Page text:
(13) Yan Qin says:

My question is this: I did not got a full name on ad. Only says:”need more information, call Steven tel number:12345. and also did not know the companies address. How can I write this kind of cover letter? On the top left side, do I have to write company’s name, address and person who I need to contact? Thank you!

October 21, 2013 at 11:28 pm
(14) CJ says:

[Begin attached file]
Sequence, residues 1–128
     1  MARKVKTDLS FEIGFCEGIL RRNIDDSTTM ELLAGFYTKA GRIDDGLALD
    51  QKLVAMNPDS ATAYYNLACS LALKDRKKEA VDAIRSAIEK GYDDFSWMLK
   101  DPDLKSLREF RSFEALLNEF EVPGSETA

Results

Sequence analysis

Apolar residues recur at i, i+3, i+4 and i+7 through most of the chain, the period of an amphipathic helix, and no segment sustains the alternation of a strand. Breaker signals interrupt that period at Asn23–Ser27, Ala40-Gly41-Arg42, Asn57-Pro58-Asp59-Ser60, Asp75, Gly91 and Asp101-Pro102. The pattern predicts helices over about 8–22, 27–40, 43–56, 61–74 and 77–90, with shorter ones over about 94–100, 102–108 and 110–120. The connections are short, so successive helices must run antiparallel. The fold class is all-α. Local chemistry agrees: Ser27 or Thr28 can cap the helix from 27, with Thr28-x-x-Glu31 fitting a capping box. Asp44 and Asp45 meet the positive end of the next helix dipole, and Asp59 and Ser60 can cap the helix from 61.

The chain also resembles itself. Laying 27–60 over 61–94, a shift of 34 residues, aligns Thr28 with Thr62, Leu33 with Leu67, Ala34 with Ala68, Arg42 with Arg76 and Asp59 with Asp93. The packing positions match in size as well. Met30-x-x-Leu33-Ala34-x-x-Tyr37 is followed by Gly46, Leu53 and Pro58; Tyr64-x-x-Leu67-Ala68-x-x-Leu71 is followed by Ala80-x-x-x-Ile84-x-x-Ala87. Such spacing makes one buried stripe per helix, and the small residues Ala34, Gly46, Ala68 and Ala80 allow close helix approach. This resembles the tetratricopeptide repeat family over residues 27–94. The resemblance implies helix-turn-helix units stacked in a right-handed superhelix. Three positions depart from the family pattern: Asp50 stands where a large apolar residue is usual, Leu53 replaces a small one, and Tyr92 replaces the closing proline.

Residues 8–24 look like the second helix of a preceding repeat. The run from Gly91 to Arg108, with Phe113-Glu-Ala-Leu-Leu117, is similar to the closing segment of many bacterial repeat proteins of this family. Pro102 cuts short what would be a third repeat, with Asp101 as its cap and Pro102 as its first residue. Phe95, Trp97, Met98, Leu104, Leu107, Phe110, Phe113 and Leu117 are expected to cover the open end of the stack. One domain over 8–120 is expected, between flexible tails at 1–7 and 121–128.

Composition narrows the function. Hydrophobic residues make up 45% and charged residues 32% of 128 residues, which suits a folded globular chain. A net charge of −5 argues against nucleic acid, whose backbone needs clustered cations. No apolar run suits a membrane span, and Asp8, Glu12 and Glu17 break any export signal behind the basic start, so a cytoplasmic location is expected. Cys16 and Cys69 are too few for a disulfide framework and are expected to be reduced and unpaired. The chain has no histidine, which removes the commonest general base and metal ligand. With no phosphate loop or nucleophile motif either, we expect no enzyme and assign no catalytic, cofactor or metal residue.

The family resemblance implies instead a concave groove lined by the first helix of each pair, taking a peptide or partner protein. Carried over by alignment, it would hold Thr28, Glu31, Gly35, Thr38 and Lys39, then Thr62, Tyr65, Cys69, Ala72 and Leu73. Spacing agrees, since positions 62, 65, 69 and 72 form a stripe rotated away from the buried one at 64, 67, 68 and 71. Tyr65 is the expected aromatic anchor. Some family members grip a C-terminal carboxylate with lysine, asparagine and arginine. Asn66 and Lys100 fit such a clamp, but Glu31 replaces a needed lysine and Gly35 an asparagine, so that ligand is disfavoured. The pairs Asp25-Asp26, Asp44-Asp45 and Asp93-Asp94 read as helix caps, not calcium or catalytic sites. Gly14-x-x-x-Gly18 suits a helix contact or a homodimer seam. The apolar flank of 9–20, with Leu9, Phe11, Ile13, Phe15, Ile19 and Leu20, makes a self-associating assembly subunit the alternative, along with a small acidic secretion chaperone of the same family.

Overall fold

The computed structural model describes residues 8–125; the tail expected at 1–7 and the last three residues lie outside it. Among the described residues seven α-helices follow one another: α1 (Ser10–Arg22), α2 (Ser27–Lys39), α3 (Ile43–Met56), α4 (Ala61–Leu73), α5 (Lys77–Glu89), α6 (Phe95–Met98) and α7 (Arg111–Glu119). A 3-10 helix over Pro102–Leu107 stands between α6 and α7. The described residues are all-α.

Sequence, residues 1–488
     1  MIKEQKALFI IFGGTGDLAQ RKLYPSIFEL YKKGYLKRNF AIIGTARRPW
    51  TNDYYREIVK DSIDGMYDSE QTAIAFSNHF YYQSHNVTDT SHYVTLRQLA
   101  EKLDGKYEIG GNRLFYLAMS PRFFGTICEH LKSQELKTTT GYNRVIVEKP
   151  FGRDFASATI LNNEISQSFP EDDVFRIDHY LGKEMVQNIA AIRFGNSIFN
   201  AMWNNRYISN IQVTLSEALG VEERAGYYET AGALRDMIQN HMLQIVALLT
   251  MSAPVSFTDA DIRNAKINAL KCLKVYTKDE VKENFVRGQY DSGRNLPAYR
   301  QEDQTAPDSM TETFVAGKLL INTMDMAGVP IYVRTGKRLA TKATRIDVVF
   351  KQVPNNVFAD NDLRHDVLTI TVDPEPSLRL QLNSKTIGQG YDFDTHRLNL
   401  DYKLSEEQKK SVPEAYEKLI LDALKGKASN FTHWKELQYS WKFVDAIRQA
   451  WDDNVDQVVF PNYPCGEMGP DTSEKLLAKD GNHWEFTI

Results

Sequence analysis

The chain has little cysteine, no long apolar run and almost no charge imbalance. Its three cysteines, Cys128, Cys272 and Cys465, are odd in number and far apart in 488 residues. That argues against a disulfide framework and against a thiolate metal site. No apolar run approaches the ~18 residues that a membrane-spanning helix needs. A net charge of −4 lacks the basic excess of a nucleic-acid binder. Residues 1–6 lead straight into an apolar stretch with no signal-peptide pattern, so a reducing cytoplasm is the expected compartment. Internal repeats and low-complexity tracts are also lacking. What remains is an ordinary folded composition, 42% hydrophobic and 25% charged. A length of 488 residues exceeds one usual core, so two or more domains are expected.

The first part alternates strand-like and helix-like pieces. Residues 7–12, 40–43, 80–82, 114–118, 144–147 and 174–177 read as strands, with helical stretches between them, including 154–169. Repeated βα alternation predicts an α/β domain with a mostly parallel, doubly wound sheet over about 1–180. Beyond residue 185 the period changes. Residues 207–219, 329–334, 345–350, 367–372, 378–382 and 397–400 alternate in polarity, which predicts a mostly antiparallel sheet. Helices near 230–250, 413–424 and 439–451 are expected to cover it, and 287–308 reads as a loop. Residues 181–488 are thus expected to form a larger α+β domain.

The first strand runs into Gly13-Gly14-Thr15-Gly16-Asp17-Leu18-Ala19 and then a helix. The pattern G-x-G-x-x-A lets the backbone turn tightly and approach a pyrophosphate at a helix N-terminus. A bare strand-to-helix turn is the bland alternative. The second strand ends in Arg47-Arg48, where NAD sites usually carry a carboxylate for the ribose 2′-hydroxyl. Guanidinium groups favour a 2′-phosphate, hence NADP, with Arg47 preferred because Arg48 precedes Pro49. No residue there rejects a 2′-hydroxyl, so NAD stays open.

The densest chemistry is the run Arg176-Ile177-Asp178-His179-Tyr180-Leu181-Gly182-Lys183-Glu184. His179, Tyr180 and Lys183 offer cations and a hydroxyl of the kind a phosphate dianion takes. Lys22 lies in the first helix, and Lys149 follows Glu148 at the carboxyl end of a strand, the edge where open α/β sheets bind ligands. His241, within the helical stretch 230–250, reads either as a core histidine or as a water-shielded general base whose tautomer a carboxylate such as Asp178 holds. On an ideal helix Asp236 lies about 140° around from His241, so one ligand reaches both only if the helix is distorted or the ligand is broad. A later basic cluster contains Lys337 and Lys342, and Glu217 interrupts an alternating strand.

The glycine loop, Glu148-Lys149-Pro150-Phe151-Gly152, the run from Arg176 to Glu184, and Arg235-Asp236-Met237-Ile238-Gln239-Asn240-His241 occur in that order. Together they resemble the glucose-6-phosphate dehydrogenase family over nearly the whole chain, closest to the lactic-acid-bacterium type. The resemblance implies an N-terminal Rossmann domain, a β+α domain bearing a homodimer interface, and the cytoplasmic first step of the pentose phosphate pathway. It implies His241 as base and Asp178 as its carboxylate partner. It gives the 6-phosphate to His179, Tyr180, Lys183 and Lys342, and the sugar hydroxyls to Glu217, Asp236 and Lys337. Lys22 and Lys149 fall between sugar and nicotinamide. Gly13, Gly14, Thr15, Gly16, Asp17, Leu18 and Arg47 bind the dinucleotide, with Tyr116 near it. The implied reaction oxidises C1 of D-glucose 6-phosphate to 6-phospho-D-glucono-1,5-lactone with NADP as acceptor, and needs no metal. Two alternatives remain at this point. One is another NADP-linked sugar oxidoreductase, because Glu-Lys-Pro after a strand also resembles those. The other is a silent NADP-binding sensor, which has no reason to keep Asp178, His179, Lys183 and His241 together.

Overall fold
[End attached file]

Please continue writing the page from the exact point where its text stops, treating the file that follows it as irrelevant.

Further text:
Yan Qin: If you are applying for jobs online, usually, information about companies can also be found online, if not in the ad itself. I will find that company website, search for names and contact information if it’s available, and call them if it’s not available, so that I am sure that I know who is getting the resume and cover letter, and how to correctly spell their name and address the cover letter. I also look for the company address, as that should also be included in your cover letter (along with the date), just like any proper business letter. If you are not sure how to write a business letter or business letter email, look online for examples, but it should include (at least these items) in this order: the date, their name, their title (if available, this is optional) and full address of the person you are sending it to, below that, the salutation, the body of the letter, the closing (sincerely), your signature, and your name typed below your signature. These little details CAN make a difference if no one else bothers to do it but you, you will stand out as Dave pointed out, as having gone the “extra mile” as it were. It shows that you understand the process and can communicate properly. I taught my son to always include a cover letter with a resume; it’s sad that this type of skill is not taught in high school, because it is absolutely critical in getting a job, any job- except, you know, fast food. I also bookmark every job I apply to, and keep those bookmarks in their own folder (or print each one) so that if they do call for an interview, I can find the ad and review the job as we talk on the phone. Good luck.